This Technote provides general guidelines and best practices for feeders for a TM1 database.
Basics of Feeders
TM1 Server uses feeders to identify leaf cells that are exempt from the sparse calculation algorithm. The TM1 Server uses two different algorithms to determine the value of consolidated cells. When the SKIPCHECK statement is placed in rules the sparse calculation algorithm is used by default to determine consolidated values. If the SKIPCHECK statement is not placed in rules then all consolidated values are determined using a slower calculation algorithm. Without the SKIPCHECK statement all feeder statements are ignored.
The sparse calculation algorithm cannot calculate the value of consolidated cells if leaf cells below the consolidation are rule derived. Therefore rule derived leaf cells must be fed for consolidation based on those leaf cells to correctly evaluate. If a consolidated cell incorrectly reports a value of 0 (or a lower than expected value) the likely cause of the problem is missing feeders on rule derived cells that are used to determine the consolidated value.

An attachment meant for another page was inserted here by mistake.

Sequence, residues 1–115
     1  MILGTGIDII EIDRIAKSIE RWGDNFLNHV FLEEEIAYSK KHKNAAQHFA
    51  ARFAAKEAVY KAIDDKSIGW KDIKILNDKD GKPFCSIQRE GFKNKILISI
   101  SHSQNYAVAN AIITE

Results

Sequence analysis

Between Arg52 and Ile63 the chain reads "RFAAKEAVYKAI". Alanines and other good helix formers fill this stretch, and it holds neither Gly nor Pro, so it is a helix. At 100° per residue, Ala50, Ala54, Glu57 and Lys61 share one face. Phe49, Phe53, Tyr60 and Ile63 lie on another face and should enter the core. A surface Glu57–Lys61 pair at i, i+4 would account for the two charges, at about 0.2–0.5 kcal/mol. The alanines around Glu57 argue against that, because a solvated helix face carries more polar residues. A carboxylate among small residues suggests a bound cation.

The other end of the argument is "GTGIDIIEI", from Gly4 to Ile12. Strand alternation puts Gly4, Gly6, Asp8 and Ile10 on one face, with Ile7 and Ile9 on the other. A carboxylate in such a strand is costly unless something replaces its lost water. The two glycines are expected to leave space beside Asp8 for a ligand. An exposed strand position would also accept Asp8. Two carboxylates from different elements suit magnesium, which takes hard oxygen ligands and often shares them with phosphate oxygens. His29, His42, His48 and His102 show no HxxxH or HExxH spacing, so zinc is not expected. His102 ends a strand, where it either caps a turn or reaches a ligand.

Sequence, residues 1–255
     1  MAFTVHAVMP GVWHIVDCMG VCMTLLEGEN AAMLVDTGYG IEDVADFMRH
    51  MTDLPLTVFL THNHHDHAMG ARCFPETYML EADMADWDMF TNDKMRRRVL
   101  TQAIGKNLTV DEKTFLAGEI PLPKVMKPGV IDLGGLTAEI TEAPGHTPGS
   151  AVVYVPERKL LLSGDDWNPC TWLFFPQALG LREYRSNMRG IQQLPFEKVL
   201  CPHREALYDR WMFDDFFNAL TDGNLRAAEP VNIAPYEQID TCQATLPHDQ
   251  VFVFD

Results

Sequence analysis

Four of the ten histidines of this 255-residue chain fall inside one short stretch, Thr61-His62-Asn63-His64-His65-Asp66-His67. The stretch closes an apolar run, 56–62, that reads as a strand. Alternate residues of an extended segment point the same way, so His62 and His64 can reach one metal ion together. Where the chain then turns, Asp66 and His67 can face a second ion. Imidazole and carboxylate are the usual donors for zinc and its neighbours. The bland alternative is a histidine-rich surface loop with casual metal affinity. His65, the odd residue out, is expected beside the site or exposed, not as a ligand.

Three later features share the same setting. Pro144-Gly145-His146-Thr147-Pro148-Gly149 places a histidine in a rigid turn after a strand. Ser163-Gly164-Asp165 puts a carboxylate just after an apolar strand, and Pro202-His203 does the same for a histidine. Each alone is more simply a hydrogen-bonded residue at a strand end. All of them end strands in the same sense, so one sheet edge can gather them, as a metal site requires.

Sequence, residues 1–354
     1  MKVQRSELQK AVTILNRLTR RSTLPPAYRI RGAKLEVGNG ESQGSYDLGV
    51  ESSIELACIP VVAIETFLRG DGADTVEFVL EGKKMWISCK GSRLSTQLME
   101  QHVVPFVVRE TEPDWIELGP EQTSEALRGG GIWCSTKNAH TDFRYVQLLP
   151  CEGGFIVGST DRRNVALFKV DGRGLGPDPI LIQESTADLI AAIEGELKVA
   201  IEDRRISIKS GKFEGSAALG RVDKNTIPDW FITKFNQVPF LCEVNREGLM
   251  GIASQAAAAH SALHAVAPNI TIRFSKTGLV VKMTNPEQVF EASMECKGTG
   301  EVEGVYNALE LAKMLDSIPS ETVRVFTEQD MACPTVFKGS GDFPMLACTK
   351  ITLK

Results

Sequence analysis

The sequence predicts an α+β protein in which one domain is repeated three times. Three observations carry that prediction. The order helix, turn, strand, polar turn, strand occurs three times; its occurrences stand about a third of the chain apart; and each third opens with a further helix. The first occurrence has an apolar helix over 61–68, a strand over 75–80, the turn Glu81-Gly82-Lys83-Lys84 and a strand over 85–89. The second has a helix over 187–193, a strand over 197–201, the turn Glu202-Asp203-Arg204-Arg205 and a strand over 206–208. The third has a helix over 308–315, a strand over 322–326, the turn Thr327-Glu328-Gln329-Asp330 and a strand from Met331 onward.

The sparse calculation algorithm is the fastest method to determine the value of consolidated intersections during view calculation. This means that overfeeding (unnecessary feeding) should be avoided to achieve optimal view calculation time for views that contain consolidated intersections. Avoiding overfeeding also helps to reduce the overall memory footprint of the TM1 Database as feeders have a memory cost.
When authoring feeder statements the objective is to make sure all consolidated cells calculate the expected value by feeding the minimum number of cells. It’s possible to have consolidated cells that are unused. In this case it may be unimportant that the value in the consolidated is correct.